The manufacturing sector is in position to start to take over driving Canada’s economic growth from “an exhausted consumer and restrained government,” says a CIBC World Markets Inc. forecast.
Investment in machinery and equipment on both sides of the border to rise.
TORONTO: The manufacturing sector is in position to take over driving Canada’s economic growth from “an exhausted consumer and restrained government,” says a CIBC World Markets Inc. forecast.
The bank’s Not yet heaven in twenty eleven report says that although Canada’s economy in 2011 will look a lot like it did in 2010 starting with solid growth and ending the year a little short of forecasts, growth drivers will be fundamentally more sustainable. And there’s positive news about manufacturing: the sector is now in position to start expanding.
CIBC, which has raised its growth projection for the year by a half a point to 2.4%, says a slower build-up of government and private debt will cut into Canada’s GDP growth, which will otherwise see solid and more sustainable growth from a strengthening export market in the US and increased business investment.
One of the key drivers will be investment from Canadian and US companies in machinery and equipment fuelled by ongoing automotive sales, US incentives for business, and 10-year high rates of return on capital, says Avery Shenfeld, CIBC’s chief economist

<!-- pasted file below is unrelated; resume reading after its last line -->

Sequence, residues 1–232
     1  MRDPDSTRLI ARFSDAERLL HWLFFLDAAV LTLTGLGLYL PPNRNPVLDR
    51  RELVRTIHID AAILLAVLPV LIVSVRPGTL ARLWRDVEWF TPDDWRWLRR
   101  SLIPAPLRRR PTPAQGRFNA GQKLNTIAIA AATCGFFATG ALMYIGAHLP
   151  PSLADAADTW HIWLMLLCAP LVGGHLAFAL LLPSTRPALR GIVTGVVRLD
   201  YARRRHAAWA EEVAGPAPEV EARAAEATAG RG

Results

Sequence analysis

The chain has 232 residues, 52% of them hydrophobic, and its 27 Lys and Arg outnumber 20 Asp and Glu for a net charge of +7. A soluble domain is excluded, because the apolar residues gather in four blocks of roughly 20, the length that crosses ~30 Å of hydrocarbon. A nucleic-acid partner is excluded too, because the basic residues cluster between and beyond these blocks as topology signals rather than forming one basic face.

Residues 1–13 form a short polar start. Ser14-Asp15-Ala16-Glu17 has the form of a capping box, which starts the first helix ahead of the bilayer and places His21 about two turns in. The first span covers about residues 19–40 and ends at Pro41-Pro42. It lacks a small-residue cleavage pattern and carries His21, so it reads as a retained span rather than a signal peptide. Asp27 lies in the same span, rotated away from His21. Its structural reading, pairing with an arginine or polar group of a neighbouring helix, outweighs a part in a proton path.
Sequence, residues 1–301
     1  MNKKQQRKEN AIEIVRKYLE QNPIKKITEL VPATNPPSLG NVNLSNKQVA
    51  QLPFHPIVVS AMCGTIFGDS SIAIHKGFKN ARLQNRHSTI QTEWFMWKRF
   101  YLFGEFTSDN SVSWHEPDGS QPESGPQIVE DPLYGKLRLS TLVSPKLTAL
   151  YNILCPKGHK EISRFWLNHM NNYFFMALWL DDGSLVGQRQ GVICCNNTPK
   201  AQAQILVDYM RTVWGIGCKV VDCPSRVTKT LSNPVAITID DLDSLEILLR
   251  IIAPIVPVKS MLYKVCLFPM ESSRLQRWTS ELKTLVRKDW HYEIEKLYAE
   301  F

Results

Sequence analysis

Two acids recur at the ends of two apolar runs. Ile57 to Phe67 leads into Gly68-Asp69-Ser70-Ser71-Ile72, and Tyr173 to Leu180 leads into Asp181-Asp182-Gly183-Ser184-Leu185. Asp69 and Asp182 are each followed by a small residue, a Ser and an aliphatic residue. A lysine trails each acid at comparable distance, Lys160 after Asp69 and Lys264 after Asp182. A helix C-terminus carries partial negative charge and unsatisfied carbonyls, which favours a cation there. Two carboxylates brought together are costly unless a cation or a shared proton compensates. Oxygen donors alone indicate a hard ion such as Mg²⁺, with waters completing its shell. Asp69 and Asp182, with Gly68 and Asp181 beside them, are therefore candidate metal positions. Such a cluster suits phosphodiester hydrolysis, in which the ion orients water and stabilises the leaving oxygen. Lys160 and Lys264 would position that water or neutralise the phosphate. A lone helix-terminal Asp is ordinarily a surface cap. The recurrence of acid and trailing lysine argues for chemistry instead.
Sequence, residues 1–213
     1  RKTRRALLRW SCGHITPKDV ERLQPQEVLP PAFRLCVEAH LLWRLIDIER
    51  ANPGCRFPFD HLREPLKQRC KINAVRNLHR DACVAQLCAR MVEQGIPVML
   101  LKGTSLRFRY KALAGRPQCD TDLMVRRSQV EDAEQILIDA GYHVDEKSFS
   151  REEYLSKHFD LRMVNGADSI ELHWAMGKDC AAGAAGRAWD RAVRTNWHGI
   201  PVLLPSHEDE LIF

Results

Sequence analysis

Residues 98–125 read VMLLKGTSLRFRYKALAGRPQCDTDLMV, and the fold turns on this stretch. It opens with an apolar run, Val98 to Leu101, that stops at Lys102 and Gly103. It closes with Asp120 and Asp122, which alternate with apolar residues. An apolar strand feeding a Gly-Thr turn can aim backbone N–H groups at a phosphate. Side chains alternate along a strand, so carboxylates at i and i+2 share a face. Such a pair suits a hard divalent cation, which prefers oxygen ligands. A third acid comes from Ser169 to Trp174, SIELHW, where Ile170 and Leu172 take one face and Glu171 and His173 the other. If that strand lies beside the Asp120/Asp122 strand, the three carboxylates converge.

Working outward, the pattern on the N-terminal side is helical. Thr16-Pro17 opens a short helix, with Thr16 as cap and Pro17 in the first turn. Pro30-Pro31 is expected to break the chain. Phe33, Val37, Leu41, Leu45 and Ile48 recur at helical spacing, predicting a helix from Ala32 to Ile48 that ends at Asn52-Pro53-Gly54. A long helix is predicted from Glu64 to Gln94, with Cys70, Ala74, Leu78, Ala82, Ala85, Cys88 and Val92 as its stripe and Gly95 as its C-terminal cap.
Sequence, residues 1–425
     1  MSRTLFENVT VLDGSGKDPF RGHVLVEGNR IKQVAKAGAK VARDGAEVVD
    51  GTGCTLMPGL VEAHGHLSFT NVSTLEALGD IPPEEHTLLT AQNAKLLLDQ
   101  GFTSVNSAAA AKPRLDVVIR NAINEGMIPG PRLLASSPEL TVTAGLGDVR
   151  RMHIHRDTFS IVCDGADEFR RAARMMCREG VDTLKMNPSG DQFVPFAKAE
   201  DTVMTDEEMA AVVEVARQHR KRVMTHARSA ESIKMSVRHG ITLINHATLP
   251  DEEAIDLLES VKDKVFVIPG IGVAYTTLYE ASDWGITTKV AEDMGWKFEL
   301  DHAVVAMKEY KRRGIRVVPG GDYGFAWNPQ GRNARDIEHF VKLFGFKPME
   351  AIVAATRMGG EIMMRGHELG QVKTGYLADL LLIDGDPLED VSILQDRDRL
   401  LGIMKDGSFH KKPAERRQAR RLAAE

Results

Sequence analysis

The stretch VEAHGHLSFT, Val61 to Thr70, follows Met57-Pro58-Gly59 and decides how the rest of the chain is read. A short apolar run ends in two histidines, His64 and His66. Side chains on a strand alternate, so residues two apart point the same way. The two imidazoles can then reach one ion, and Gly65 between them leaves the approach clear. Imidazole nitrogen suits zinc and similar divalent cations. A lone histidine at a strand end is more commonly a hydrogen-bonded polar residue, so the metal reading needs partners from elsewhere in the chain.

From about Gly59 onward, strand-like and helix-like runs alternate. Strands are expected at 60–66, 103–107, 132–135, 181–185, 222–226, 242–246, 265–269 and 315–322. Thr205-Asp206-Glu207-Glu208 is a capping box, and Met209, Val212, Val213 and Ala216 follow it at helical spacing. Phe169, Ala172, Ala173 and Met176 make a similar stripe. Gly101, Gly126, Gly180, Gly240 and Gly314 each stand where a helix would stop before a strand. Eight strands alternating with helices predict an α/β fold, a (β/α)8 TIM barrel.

Taking a closer look at manufacturing’s capacity utilization rate – 81% “a record six points above that of the rest of the economy” – suggests the sector is already in a position to start expanding, he says.
“The last time the utilization gap approached this level, in 1995, manufacturing investment advanced by an average annual rate of more than 10% for the following three years.”
He describes the increased investment as a payoff for recent cuts in corporate tax rates and “a spur to much needed productivity improvements.”
Jayson Myers, president and CEO of Canadian Manufacturers & Exporters (CME), says business investment and exports better be the drivers of economic growth.
“If I’m wrong, and manufacturing [business] investment and exports are not the key growth leaders in the Canadian economy, we’re in for a pretty rocky ride, “ he said during CME’s Gateway to Business Success webinar last week.
He observed Canadian consumers are “pretty much maxed out” with consumer debt at an all-time high in relation to after-tax income, the housing market will be weaker than last year with higher interest rates than last year, and governments across Canada will be tackling deficits so there won’t be a lot of stimulus spending.
The CME expects export volumes this year to rise 10%, and investments in machinery and equipment to grow 16.5%.